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ARS Home » Southeast Area » Auburn, Alabama » Aquatic Animal Health Research » Research » Publications at this Location » Publication #217235

Title: Immunity in Fish

item Shoemaker, Craig
item Klesius, Phillip
item Lim, Chhorn

Submitted to: Meeting Abstract
Publication Type: Proceedings
Publication Acceptance Date: 12/20/2007
Publication Date: 11/12/2007
Citation: Shoemaker, C.A., Klesius, P.H., Lim, C.E. 2007. Immunity in Fish. Pezzato, L.E., Barros, M.M. and Furuya, W.M., Editors. Second Symposium on Nutrition and Health of Fish. November 12-17, 2007. Botucatu-Sao Paulo, Brazil. p. 53-65.

Interpretive Summary:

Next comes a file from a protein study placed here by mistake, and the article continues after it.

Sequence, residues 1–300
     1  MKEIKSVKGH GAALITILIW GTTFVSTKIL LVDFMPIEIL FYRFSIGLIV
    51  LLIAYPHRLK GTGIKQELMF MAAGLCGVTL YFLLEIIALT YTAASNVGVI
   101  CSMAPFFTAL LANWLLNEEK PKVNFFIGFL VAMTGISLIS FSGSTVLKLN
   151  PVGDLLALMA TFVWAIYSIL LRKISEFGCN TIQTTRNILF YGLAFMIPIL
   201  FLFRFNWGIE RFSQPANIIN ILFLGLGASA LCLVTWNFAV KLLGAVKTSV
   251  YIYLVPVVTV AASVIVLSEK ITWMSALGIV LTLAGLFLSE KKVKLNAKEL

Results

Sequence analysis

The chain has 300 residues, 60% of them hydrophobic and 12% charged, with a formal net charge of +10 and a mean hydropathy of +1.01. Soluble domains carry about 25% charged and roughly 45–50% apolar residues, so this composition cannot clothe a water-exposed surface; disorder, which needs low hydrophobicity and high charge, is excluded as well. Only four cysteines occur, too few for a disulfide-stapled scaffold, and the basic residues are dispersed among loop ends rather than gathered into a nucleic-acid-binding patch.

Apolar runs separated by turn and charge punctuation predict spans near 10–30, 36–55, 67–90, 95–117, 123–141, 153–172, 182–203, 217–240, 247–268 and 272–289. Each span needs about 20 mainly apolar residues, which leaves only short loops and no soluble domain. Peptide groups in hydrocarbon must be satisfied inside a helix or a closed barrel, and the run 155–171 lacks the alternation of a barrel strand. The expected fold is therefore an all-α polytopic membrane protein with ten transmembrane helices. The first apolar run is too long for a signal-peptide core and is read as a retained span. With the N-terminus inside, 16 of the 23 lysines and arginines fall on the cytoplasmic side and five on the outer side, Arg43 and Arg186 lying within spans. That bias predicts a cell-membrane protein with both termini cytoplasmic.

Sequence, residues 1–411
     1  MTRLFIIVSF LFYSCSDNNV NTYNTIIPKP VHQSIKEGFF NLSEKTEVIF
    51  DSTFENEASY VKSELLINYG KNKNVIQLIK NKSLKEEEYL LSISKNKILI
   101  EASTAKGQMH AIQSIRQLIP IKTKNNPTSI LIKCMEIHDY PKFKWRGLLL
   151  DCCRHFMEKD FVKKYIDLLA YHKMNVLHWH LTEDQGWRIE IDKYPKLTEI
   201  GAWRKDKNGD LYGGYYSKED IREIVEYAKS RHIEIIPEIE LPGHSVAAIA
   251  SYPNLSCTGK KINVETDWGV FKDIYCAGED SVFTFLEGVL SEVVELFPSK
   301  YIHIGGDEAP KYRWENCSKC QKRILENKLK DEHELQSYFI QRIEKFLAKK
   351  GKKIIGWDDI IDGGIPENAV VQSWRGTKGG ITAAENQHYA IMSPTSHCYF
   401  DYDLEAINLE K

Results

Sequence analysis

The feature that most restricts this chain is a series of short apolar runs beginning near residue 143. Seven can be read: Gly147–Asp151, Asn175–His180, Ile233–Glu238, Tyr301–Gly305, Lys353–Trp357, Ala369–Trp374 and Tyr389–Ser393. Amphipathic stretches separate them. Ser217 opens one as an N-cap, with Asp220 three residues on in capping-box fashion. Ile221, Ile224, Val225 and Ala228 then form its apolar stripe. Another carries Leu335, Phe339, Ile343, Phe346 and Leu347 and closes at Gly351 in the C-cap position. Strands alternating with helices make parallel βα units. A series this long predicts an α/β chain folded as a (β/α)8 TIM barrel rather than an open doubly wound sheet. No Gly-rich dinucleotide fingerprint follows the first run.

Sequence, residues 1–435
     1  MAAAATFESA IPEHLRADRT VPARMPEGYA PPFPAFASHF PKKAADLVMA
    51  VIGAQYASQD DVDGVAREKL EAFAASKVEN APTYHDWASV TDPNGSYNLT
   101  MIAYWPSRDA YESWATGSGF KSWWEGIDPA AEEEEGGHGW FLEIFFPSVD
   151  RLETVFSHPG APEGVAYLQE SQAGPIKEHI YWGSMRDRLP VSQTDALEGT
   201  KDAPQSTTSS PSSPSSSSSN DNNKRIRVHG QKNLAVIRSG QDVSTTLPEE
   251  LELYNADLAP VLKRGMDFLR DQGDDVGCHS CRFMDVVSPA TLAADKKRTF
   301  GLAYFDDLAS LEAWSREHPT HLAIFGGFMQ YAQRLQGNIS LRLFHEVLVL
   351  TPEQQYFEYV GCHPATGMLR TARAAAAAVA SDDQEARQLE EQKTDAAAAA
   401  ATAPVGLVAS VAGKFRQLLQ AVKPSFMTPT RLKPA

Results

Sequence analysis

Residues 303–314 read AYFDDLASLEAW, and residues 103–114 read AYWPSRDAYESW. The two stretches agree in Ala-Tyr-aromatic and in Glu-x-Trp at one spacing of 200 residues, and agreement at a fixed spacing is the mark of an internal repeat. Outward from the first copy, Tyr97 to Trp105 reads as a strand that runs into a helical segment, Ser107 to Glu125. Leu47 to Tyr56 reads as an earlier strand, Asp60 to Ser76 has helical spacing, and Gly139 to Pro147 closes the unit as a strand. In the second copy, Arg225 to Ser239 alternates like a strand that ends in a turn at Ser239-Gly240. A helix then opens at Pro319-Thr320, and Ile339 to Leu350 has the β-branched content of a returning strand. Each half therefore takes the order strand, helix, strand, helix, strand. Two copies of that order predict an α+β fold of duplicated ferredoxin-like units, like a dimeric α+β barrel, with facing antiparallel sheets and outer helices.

Technical Abstract: The fish immune system has evolved with both non-specific (innate immunity) and acquired immune functions (humoral and cell mediated immunity) to eliminate invading foreign living and non-living agents. Fish possess a unique physical barrier (mucus and skin) that acts as the first line of defense against foreign agents. Non-specific humoral molecules in fish include lectins (carbohydrate recognition), lytic enzymes (lysozyme), transferrin (iron binding protein) and complement. Non-specific cells of the fish immune system include monocytes or tissue macrophages, granulocytes (neutrophils) and cytotoxic cells. Macrophages function in phagocytosis and destruction of invading foreign agents, including bacteria. Macrophages are also responsible for antigen processing and presentation in the acquired immune response. Acquired immunity in fish includes both humoral and cell mediated responses. B-cells of fish produce antibody when stimulated. The immunoglobulin (Ig) of fish is restricted to tetrameric IgM and functions in opsonization of bacteria, neutralization of toxins/viruses and is a potent activator of the complement cascade. Intracellular pathogens are controlled by cell-mediated immunity. The cell-mediated response in fish, similar to that in mammals, relies on the presence of accessory cells (macrophages) to present antigen to T-cells. Correct presentation of antigen results in a cascade of events, including cytokine production that regulates the responses. Understanding the fish immune system will enhance our ability to develop vaccines and immunostimulatory molecules that may better direct the immune system to prevent disease in fish.